In the Spotlight: Political Society and PhiloCom

By Florentina Mion
Staff Writer

“There are too many things to choose from!” “Why can I only choose three? I want to join them all!” These have been some of the things that the first years said in their IntRoweek when they had to choose which societies they wanted to check out during the society event. I had the same experience with my own introduction week; I could not quite make up my mind as to which societies I wanted to investigate.

In total there are 23 committees and societies and there are an additional few in the process of establishing themselves. I can imagine that as a first-year it is difficult to decide which society would suit your needs best. Also for the “old” students it might be a challenge every semester to decide which societies to join. Therefore, I thought it a good idea to give some of the more obscure societies the chance to present themselves to the entire student body.

Approved Banner Blue PANTONE BFirstly, I’d like to introduce the Political Society. You might say that it is a very straightforward society and indeed I have found it to be so. The Political Society organizes events such as lectures and field trips that are related to political issues. They do not have weekly meetings but are nonetheless very active. They try to facilitate as many opportunities for all students to come together and discuss their common interest: politics.

Everyone is welcome and you do not need a background in political studies to participate in the events or discussions. They make sure that all the events cover a wide range of topics, so I am sure that eventually there will even be something I am interested in (and I usually do not like politics that much).

This year, the Political Society is trying to set up a MUN-team. For all of you who do not know what MUN means – I’m not familiar with it either – it refers to Model United Nations. This is a simulation of a United Nations meeting where every team will be assigned a country and all of the teams will be discussing a certain topic. If you are interested in this type of event, I advise you to look on the Political Society Facebook page where you can find a link to the group. Once the Political Society has enough interested students they will be able to create a team. Again, anyone is welcome and no background in debating, politics, or any such subjects is needed.

The Political Society is hoping for involvement from you! They are very much looking forward to their members’ input and participation, so if you have an awesome idea for a lecture of activity, let them know! You can like their Facebook page or become part of their mailing list by sending an email to [email protected]. They send out newsletters whenever they have interesting political stuff to share with their members.

So have you become interested? If so, Thursday 12 September at 20:00h, the Political Society has their first event. A lecture by Jan Brussee entitled “Some Moments in the History of European Unification” and afterwards some very political drinks in the Mug! Why not go and check them out?

Secondly, I’ll talk about UCR’s philosophy committee, PhiloCom. No, they are not a bunch of weird students that philosophize about all the different problems in life while the room is filled with hazy, blue fumes from their cigars. Rather, they are a small-scale, cozy, and interesting group of people that share their ideas while enjoying an amazingly delicious glass of ‘Notenwijn’.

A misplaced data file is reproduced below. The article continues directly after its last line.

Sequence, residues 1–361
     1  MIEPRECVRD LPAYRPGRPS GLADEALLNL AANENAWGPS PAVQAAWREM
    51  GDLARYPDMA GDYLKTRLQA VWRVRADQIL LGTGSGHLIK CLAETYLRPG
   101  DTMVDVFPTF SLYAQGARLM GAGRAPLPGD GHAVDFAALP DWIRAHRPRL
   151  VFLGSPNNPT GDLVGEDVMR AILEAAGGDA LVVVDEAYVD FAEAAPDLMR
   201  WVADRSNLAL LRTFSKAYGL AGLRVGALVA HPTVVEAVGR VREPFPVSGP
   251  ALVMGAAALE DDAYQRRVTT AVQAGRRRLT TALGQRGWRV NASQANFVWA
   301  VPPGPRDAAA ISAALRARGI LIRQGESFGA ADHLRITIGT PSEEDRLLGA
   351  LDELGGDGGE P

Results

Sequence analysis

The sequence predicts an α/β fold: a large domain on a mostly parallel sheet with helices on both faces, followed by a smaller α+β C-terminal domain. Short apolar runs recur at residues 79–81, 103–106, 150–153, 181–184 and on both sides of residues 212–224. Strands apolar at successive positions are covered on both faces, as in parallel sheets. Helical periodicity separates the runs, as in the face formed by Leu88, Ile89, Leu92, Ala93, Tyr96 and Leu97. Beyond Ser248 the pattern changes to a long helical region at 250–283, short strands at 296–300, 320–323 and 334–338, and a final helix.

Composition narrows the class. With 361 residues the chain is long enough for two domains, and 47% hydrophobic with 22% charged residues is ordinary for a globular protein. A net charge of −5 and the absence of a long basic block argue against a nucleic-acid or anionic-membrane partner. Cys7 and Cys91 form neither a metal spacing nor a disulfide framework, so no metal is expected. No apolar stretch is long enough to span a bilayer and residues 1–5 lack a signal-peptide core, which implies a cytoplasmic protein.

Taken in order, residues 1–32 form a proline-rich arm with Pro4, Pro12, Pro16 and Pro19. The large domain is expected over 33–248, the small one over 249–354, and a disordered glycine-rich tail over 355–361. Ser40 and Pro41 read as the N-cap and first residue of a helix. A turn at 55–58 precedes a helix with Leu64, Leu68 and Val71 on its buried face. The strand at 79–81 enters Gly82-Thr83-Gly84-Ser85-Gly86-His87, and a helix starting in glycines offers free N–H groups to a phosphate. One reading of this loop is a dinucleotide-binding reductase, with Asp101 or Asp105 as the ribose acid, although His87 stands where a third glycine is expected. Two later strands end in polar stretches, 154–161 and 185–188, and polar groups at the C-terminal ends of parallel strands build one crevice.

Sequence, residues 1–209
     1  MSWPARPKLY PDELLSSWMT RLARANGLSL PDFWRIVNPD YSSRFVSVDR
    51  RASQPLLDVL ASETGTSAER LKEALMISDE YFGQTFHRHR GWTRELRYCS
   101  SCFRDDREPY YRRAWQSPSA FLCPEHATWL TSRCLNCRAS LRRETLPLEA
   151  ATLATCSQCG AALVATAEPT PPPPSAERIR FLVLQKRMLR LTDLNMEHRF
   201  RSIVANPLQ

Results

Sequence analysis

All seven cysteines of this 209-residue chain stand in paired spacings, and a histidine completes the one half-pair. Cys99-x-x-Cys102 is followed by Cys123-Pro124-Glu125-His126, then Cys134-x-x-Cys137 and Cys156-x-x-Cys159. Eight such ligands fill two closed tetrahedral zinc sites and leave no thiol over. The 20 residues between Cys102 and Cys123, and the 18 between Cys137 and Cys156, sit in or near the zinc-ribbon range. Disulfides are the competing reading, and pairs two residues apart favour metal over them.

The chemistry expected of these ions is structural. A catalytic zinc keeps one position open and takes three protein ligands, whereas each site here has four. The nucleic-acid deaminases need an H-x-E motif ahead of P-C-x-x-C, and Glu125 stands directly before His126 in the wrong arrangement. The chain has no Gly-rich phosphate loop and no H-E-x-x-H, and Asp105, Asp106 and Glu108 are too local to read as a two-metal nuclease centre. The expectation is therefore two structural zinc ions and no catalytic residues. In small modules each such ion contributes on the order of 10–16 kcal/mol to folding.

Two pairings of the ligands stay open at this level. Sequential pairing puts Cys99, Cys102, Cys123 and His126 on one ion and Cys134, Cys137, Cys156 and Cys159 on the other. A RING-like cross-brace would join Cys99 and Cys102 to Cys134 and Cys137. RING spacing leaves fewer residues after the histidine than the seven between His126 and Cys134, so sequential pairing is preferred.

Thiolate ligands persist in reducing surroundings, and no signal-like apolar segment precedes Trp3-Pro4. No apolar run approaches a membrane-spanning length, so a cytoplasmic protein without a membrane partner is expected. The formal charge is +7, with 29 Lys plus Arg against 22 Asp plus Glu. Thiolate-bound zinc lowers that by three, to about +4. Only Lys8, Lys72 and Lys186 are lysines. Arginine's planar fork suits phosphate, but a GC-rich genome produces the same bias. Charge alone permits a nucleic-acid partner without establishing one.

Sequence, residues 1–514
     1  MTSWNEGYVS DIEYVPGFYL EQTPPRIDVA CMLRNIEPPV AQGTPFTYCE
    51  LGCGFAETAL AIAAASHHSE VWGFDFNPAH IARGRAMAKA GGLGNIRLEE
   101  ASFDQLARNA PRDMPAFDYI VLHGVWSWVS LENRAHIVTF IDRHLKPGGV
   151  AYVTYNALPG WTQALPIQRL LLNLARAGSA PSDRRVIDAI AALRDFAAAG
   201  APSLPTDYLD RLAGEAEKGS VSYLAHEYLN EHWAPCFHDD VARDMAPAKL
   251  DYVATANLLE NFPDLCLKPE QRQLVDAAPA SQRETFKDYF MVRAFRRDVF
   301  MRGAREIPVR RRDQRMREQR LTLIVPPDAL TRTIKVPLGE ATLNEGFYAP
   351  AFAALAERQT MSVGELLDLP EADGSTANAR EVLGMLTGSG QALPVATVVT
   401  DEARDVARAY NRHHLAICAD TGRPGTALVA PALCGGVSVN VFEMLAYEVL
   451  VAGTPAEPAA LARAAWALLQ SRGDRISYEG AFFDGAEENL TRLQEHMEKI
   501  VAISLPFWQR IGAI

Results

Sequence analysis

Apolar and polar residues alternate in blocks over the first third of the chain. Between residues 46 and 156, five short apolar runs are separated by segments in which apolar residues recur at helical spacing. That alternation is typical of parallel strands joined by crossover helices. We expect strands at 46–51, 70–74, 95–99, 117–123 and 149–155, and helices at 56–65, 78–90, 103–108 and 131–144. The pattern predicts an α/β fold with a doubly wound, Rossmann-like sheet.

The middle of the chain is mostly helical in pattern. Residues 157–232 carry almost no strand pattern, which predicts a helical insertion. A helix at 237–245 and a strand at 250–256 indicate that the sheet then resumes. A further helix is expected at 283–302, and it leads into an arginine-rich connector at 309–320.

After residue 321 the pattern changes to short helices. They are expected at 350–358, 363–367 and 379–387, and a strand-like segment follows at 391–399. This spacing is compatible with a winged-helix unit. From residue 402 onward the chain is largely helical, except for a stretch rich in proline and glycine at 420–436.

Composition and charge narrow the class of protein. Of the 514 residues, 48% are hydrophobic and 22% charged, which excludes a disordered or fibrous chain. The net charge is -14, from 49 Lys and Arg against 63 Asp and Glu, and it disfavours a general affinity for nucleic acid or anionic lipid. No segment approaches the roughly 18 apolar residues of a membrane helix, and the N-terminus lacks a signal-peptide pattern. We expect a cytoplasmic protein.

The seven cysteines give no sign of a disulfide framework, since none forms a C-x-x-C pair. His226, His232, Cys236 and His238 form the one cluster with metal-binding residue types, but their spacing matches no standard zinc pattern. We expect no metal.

They have weekly meetings on Thursday at 20:00h in the Mug where they sit together and debate about different topics. PhiloCom sets a subject, which they will discuss for about four weeks and every week they talk about a separate sub-topic. The aim is generating a discussion and developing a conversation in a comfortable atmosphere. For the coming weeks the topic will be science, and all of the problems and ethical issues that come with it.

You do not have to be a philosophy major (or minor), or even have a philosophical background to participate in these interesting meetings. They invite anyone who is interested to just drop by whenever they have time or when they fancy a good conversation. No research is required so you do not have to prepare to come to the meetings (for all of you who are already getting swamped with homework and assignments).

A special project that they’re working on at the moment and for which they require the input of their members is the blog kept by David Aiken, a professor of Philosophy here at University College Roosevelt. PhiloCom has been assigned part of this blog and their goal for this semester is to find a way of using this blog as a place to publish members’ reflections, and as an open forum to present one’s thoughts. Moreover, for the upcoming semester they are working hard on trying to arrange one or two lectures to offer a more diverse and exciting platform of discussion.

Do you like the sound of this chilled-out, laid-back society then do email them ([email protected]) and ask to be put on their mailing list to receive the weekly newsletter with updates on their meetings and activities. As a final message, the PhiloCom board asked me to quote Plato: “the unexamined life is not worth living”. They did want me to mention that they are not always this pretentious so do not be intimidated.

I hope this article has inspired you to join some societies you had not thought of before. If not, do not worry: in the next edition, different societies will be interviewed!

Florentina Mion, class of 2015, is a Literature and Art History major from Bladel, the Netherlands. 

Political Society Board
Political Society Board
From Left to Right: Erisa Nuku (Treasurer), Remco Zwetsloot (Chair), Michelle Hagman (Secretary)
PhiloCom Board
PhiloCom Board
From Left to Right: Tajha Lanier (Secretary), Sabina Weistra (Treasurer), Ruben Hordijk (Chair)

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